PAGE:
Greek authorities said last week that about 74,000 asylum-seekers are now living in the country, and efforts are under way to expand housing for them and improve conditions at island camps for migrants who arrive by sea.
Migration Minister Dimitris Vitsas said that in coming months some 6,000 people will be moved to the mainland from island camps, where conditions have repeatedly been criticized by rights groups.
Vitsas conceded that the situation is “difficult” in these camps, where 20,000 people live in facilities designed for fewer than 10,000.
He promised to set up small health centers in each of the camps on the islands of Lesbos, Samos, Chios, Leros and Kos — where, under a deal between the European Union and Turkey to curb migration flows, new arrivals by sea from Turkey are kept pending processing of their asylum bids.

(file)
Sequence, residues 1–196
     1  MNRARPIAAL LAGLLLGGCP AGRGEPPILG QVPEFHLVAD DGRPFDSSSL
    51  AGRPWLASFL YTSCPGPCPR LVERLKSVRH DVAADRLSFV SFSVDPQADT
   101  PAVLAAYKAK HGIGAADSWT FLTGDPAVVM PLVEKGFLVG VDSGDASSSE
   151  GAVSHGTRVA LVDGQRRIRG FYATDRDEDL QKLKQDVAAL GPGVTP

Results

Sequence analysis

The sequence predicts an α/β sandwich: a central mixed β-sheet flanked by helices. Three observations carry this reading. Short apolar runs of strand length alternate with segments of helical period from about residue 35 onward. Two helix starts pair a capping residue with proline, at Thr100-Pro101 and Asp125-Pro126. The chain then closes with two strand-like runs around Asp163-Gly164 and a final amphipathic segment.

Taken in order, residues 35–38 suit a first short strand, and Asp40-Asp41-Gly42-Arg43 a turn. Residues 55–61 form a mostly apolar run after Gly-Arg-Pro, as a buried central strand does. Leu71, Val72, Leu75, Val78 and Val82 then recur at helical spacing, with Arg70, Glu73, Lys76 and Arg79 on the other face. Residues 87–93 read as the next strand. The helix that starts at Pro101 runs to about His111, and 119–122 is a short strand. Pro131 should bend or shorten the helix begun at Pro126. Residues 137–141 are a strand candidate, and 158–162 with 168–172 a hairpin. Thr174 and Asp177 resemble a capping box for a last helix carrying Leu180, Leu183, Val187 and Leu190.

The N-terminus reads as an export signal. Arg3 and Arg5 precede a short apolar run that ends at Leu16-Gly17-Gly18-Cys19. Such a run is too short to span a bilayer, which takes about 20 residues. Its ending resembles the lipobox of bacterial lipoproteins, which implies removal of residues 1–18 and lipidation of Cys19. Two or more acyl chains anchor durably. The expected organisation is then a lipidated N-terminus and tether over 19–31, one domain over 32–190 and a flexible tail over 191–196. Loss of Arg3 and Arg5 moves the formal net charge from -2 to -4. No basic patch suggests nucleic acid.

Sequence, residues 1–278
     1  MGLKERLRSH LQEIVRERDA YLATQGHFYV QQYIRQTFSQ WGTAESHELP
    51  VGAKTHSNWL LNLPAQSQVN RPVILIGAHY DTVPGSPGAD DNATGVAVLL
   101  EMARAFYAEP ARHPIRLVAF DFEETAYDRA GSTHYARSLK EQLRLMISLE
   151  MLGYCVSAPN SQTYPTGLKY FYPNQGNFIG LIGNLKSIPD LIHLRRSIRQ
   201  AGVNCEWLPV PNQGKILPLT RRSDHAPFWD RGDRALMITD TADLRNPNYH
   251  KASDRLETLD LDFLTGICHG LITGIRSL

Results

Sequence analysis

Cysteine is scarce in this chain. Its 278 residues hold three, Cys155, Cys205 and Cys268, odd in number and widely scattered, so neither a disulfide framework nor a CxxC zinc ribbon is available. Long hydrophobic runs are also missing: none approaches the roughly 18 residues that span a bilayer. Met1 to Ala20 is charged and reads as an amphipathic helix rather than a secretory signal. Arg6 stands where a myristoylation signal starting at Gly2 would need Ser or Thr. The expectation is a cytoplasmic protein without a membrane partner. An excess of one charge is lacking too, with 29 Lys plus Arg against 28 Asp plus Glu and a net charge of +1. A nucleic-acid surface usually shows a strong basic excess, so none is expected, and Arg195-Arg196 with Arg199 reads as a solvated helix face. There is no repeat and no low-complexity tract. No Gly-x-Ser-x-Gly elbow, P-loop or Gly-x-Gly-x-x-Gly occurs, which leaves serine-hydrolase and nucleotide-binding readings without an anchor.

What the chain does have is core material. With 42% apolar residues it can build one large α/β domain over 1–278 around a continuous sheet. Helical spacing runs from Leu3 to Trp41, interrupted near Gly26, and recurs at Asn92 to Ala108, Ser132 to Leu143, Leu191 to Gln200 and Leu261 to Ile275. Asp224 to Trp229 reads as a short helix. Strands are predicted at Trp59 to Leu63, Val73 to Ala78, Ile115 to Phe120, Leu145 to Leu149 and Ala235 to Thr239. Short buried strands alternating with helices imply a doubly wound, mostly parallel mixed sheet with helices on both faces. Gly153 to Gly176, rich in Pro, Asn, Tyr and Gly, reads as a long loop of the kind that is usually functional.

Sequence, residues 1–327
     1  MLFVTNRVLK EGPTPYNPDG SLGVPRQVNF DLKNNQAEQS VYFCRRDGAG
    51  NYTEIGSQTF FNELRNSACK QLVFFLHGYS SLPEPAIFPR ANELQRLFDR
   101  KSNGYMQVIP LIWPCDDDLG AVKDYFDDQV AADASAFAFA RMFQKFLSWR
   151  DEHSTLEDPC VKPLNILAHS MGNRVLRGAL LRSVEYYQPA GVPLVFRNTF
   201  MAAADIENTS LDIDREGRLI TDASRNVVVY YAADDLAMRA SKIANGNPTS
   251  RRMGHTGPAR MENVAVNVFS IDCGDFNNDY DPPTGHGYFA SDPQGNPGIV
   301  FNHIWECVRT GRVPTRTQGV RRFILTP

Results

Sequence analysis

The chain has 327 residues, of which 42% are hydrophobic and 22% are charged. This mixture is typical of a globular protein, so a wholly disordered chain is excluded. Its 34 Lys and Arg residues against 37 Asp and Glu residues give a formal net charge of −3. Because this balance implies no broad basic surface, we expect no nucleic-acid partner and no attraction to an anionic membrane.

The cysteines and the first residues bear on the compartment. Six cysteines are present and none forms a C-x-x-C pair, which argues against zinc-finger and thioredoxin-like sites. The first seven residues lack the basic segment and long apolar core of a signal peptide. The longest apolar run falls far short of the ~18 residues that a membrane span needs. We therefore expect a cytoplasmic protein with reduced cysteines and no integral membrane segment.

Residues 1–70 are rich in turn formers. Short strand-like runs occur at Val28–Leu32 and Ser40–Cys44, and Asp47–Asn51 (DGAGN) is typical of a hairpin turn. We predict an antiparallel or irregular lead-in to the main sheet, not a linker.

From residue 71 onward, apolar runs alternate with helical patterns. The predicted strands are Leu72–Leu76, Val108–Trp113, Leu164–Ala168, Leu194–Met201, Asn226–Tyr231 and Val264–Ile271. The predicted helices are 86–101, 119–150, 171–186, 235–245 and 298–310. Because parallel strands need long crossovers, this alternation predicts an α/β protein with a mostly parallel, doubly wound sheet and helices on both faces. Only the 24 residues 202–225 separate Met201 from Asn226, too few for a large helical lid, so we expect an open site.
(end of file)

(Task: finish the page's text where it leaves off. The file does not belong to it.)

Vitsas said a sewage treatment plant was expected to be completed by March 2019 at the Moria camp on Lesbos that was built for 3,100 but currently is hosting 7,084 people. He blamed the delay on “devilish bureaucracy.”
Conditions on Moria in particular have been repeatedly and heavily deplored by residents and human rights groups, while one visit by health inspectors noted that raw sewage was trickling out of the main entrance to the camp.
An overcrowded camp on Samos will be replaced by a new one with double the capacity, Vitsas said during a press conference in Athens.
This year, some 42,000 migrants have entered Greece illegally — 14,000 crossing the country’s land borders, mostly from Turkey. Vitsas said that he doesn’t expect an increase in flows next year, but in any case authorities would be in a position to handle up to 20 percent more arrivals.
He added that the number of migrants leaving Greece illegally for other European countries is minimal.